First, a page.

Just found this old email from a friend. Back in 2001, I was wondering whether I should buy a minidisc recorder, and so I asked him what the deal with them was. His reply clinched it. Here it is in it’s full glory…
Subject: What is this, twen’y questions?
Matthew, Matthew, Matthew, what am I going to do with you…
Ahem, MiniDisc (MD) is non-linear as opposed to say, an audio CD burner which doesn’t allow you to make a ‘track sandwich’….
As you can see I’m not much good at technical jargon. So, basically here are the pros and cons:
- You can record from CD digitally or in analog. In Dig it will record track marks identically to the CD.
- You can delete/move a track mark without effecting the actual tracks.
- You can delete any track, the other tracks automatically shuffle together. Eg. If you delete all the recorded tracks but the last one, it then becomes the first one.
- You can change the order of the tracks, even portions of the track, I’m a bit of a doyen in this department. If you get a machine I’ll do you a disk that’ll make you shit stools.
- Each time you press record it creates a new track. Usually you would precede this by pressing ‘end search’, to avoid erasing over previously recorded tracks.
- In/Outs may vary machine to machine. My portable recorder has Anal/Dig IN, Mic IN, Line OUT and phones OUT.
I’ve got three MiniDisc machines. One hifi component, one portable recorder/player and one portable play only. If you intend to just buy one, it’s got to be a portable recorder/player. It can be used with your hifi to Dig/Anal record your CD’s, you can edit/delete to your requirements and you can strut your funky stuff at the roller disco. Plus if you’re mic’d up you can take dictation, some are Voice Actuated.
- Recording is in Real Time, with the exception of a 2:1 I saw once. But that was part of one of those hideous microCD systems. I’m a seperates-man…
- Serial Copy Managment…If you record in Dig, the chances are you won’t be able to re-record this for a third party. You have to record Anal if want to bootleg.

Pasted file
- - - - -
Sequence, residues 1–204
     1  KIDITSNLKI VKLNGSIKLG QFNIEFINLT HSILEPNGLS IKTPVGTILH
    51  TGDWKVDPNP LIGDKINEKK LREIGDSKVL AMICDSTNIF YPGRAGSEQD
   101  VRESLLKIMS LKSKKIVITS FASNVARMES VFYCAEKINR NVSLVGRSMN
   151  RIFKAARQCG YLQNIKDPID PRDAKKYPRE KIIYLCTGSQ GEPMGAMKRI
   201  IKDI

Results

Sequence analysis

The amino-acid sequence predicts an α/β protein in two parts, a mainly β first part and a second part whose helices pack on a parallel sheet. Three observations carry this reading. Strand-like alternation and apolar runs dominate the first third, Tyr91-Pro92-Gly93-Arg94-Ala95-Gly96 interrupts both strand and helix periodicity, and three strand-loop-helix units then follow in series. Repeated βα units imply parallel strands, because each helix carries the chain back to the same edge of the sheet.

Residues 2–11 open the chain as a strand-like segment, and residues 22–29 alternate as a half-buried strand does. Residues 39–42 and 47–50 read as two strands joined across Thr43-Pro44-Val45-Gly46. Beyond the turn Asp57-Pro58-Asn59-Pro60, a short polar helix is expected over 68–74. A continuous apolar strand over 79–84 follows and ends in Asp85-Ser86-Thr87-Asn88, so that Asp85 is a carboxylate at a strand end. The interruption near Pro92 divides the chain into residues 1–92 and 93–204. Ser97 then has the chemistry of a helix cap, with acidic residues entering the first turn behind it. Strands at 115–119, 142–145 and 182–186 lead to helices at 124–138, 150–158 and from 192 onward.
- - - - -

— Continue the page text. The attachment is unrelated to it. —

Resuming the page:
- MD is a compressed format, which means that you do lose some information/fidelity. The compression system used sacrifices extreme top/bottom freqs that, in theory, are not detectable to the naked ear. However, audiophiles argue that it diminishes the ‘presence’ of the music. In my personal experience a first generation copy is rich in bass and treble and is sonically no different to the original. Second and third generation is a different story (I’ll tell you sometime). To be honest the soundstage depends on a number of factors: your amp, your speakers and your speaker cable.
Because of the above point I wouldn’t for example use MD to archive your collection of rare Django Rhienhardt 78’s. No, for that I’d use DAT, a more expensive format, but still considered more or less industry standard. That’s what I do with my early Frogs singles and Ray Barretto collection.
To sum up, if want a format to provide a soundtrack to a tube ride or sereptitiously record your group therapy sessions,Â MD is currently the primo format, bar none.
Sorry this is so vague, I’m useless.
He obviously has Sony stock.
Update: As a result of this, I bought, and still have somewhere, a Sony MZR700 which served me well until Mp3’s took me over.